is a word that tempts us to think outwardly, to run bravely against opposing fire, to do something under besieging circumstances, and perhaps, above all, to be seen to do it in public, to show courage: to be celebrated in story, rewarded with medals, given the accolade. But a look at its linguistic origins is to look in a more interior direction, and toward its original template, the old Norman French coeur, or heart.
Courage is the measure of our heartfelt participation with life, with another, with a community, a work; a future. To be courageous is not necessarily to go anywhere or do anything, except to make conscious those things we already feel deeply and then to live through the unending vulnerabilities of those consequences. To be courageous is to seat our feelings deeply in the body and in the world: to live up to and into the necessities of relationships that often already exist, with things we find we already care deeply about: with a person, a future, a possibility in society, or with an unknown that begs on us — and always has begged us on. To be courageous is to stay close to the way we are made.
The French philosopher Camus used to tell himself quietly to live to the point of tears, not as a call for maudlin sentimentality, but as an invitation to the deep privilege of belonging, and the way belongings affects us, shapes us and breaks our heart at a fundamental level. It is a fundamental dynamic of human incarnation to be moved by what we feel, as if surprised by the actuality and privilege of love and affection and its possible loss. Courage is what love looks like when tested by the simple everyday necessities of being alive.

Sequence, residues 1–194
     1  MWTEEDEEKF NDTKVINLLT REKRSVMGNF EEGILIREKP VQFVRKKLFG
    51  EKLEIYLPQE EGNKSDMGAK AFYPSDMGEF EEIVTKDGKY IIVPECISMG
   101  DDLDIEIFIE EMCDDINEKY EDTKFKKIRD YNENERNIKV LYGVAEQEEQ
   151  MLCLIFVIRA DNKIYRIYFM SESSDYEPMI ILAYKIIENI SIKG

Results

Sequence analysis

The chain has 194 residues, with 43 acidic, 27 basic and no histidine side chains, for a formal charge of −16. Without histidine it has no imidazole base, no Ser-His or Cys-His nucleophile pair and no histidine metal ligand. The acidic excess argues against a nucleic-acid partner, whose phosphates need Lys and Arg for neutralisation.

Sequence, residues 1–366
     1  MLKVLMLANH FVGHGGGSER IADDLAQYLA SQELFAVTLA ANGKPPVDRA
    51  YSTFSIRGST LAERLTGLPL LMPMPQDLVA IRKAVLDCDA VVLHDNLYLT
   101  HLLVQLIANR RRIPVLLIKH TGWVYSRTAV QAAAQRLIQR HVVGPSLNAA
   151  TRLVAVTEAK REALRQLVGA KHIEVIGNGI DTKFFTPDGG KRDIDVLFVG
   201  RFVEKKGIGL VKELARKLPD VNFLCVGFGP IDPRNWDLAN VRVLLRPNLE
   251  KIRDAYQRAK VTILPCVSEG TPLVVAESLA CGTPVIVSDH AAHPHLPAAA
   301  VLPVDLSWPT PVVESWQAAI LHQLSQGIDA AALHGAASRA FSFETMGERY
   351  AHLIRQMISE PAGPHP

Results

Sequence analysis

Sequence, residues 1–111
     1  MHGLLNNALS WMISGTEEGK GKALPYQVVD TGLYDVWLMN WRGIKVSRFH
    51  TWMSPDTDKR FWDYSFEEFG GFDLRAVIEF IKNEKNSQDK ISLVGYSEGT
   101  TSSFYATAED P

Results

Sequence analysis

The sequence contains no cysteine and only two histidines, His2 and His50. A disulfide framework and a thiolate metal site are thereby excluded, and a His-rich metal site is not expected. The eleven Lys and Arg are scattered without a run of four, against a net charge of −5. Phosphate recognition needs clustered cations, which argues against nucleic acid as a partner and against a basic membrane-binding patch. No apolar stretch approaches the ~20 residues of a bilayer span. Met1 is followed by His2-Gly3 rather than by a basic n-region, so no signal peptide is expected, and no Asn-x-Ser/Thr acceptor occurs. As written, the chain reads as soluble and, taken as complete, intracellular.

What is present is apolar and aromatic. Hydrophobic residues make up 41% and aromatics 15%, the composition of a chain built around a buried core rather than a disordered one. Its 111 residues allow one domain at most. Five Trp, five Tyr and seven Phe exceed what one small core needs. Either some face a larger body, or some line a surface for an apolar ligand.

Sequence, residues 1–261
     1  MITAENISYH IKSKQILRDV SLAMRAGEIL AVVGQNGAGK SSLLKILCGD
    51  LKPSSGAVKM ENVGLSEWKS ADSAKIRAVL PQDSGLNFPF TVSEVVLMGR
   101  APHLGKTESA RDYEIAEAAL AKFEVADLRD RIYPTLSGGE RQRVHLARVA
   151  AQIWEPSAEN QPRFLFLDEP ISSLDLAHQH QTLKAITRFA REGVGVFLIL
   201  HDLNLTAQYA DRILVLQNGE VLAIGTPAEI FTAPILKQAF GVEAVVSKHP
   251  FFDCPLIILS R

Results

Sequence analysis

From the inside, it can feel like confusion; only slowly do we learn what we really care about, and allow our outer life to be realigned in that gravitational pull. With maturity, that robust vulnerability comes to feel like the only necessary way forward, the only real invitation, and the surest, safest ground from which to step. On the inside we come to know who and what and how we love and what we can do to deepen that love; only from the outside, and only by looking back, does it look like courage.
From the book 'Consolations' - David Whyte